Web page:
- Fast CEO Domm Holland says the main reason he shuttered the firm was hiring too many too quickly.
- The startup, which offered one-click-checkout software to online merchants, collapsed last week.
- Holland told “20VC” about the strategic blunder that stopped the fast-growing startup in its tracks.
If Domm Holland had it his way, the Fast CEO would have laid off half his workforce months ago.
“I’ll tell you what, it would’ve been a lot easier come December last year to just let half the team go and fundraise,” Holland told “The Twenty Minute VC” podcast in an episode released Wednesday.
In Holland’s telling, that’s what he voted to do: Cut the company’s burn rate around the turn of the year to eke out more runway for the startup to finish building its big-merchant integrations.
“My vote was to do that, to raise money or whatever and keep going,” Holland said in the podcast. “We really would have needed the existing investors, the insiders, to step up, execute the restructuring, execute a sort of right-sizing, reduce burn, then go out and raise money. I think our insiders just really wanted to see external investors come in and lead that process.”
The one-click-checkout startup shuttered operations last week, after raising more than $120 million from Silicon Valley investors. Competition in e-commerce checkout, meanwhile, has been heating up, with Amazon, Shopify, and Bolt building their own checkout solutions.
While Holland said during the podcast that payroll, not marketing, expenses accelerated Fast’s cash burn rate in the months leading up to its closure, people within the company placed the blame on the company’s spending on advertising and lavish corporate retreats as well as its hiring spree .
In the podcast, Holland disputed reporting, as detailed by The Information, that Fast’s burn rate by the time it shuttered was $10 million a month, but he did not provide different numbers to support his assertion.
Just three months before its implosion, Fast was close to a tipping point, Holland said. In January, Fast onboarded its first billion-dollar merchant. And there were more where that came from: The startup had $8 billion in “signed enterprise-merchant deals” that it was onboarding, Holland said.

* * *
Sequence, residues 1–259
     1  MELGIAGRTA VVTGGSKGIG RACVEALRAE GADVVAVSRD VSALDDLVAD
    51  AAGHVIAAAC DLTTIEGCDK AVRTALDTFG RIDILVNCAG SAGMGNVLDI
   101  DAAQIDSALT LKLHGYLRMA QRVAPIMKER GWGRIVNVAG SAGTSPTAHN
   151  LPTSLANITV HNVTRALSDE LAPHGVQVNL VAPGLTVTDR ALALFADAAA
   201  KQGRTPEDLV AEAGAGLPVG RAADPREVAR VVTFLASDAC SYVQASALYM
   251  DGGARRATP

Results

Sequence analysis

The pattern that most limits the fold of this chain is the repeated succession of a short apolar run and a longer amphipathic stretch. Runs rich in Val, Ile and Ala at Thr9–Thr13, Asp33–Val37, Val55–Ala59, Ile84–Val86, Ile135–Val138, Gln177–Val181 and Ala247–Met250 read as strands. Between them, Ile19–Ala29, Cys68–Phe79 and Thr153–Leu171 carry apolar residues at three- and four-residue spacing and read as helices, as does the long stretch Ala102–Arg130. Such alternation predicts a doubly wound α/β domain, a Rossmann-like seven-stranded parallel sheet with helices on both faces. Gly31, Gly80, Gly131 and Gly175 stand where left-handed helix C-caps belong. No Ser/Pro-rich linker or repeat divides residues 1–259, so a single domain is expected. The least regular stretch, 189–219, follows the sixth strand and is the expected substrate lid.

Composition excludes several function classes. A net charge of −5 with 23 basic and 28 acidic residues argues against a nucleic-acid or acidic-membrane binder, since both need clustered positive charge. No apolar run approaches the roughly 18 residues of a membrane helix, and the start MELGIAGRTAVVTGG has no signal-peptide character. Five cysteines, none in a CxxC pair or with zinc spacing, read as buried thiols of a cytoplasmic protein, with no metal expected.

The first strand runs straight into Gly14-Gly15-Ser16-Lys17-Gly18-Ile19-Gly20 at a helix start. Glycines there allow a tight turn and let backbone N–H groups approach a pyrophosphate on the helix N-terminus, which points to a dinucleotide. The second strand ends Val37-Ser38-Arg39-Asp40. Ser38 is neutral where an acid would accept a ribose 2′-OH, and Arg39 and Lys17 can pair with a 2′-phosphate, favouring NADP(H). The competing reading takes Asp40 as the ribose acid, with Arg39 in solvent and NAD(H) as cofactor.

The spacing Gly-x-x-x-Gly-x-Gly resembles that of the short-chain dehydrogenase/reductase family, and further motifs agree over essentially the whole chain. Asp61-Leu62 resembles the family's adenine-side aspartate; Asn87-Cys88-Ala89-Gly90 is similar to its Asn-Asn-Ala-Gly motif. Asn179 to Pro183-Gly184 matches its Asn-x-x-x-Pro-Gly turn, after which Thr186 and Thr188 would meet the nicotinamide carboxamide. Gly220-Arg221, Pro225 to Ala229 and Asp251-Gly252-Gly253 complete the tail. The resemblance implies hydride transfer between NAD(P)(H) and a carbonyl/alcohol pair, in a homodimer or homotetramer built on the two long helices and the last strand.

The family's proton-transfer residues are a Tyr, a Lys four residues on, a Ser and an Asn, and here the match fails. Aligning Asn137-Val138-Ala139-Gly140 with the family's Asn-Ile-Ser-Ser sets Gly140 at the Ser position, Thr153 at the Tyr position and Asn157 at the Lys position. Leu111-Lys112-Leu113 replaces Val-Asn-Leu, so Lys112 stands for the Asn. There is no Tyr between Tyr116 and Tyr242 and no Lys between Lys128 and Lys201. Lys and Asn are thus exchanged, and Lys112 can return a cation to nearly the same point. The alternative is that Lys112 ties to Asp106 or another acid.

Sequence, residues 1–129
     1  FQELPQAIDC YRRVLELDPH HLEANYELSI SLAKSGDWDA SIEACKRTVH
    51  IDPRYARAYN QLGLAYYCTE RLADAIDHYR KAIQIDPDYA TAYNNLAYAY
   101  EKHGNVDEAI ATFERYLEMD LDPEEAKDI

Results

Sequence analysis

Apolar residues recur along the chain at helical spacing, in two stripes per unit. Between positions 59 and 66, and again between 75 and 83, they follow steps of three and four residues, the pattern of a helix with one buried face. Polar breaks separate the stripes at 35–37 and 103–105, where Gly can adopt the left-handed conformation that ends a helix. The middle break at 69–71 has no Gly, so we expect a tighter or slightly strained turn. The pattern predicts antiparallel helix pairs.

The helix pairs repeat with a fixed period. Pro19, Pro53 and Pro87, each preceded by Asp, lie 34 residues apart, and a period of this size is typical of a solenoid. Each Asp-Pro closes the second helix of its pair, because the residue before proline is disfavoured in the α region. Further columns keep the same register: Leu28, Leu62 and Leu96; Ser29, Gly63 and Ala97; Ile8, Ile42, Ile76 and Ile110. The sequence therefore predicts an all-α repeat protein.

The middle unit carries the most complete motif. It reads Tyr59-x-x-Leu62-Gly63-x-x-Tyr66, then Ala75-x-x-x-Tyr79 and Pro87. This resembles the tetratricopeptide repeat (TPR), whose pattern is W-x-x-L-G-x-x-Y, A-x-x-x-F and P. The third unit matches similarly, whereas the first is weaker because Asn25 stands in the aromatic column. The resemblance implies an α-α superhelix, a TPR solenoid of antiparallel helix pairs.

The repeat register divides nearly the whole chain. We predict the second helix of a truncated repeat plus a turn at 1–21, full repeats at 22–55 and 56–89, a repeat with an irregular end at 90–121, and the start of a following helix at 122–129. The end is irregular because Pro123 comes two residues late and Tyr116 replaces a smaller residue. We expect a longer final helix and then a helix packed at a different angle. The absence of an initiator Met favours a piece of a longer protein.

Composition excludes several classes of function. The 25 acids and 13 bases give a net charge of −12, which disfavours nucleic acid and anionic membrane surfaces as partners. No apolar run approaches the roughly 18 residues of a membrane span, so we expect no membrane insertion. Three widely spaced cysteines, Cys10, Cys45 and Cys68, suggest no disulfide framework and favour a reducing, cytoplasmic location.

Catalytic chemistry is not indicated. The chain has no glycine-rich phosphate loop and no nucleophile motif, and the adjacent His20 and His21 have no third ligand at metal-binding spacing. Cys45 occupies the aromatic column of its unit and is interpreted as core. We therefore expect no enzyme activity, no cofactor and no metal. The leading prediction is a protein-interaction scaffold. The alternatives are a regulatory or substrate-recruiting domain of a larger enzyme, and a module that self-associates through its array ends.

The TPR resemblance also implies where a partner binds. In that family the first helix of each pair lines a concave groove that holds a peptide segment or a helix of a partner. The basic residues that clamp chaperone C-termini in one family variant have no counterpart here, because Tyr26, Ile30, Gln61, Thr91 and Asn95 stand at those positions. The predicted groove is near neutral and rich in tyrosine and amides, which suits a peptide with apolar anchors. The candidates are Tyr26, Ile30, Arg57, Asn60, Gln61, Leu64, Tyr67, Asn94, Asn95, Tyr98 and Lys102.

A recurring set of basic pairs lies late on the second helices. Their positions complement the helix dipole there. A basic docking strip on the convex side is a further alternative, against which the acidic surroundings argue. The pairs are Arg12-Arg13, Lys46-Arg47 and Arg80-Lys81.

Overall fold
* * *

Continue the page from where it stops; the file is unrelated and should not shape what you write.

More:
Bringing on enterprise e-commerce merchants involved thorny integrations, for which Fast staffed up.
“The reason why we grew the team, especially on the R&D side, which was the majority of the business, you do have to build — there’s a lot of stuff to build. To support enterprise, it’s not just about having an enterprise-grade E-commerce is very fragmented — lots of different platforms, lots of different integrations, there’s a lot of different stuff you’ve got to build before you can actually kind of onboard enterprise,” Holland said.
But the customer success team and partnership team, both of which “were just too big for what we needed at that time,” had cranked Fast’s cash burn past the point of no return.
“The vast majority of our burn came directly from people. Like well over 80% of our cost space was just wages, healthcare, benefits, over 80%. Like our money just went to people. We just hired a lot of people,” Holland said.
“Frankly you can be aggressive, and we were still just too far ahead in terms of hiring,” he added.
The frothy private- and public-investment markets that fintechs enjoyed through the pandemic has chilled in 2022. Enduring supply-chain issues and Russia’s invasion of Ukraine have added to uncertainty.
In the third and fourth quarters of 2021, “we basically doubled our burn,” Holland said. “We got to a point where the time we were fundraising — we needed a fundraise — the market also shat itself and fell upside-down. Any company with high burn was having trouble fundraising.”
Meanwhile, Fast had competitors that had a head start on those “big, hairy” integrations.
“Bolt had just been building all of those integrations for a lot longer. They had a five-year head start on building all these pieces. They had been chipping away at the sort of medium-size business, and so they were bigger than our small business that we had gone and onboarded lots of, they weren’t as big as our big ones,” Holland said. “They definitely weren’t growing very quickly, but it was enough to give them this foundation.”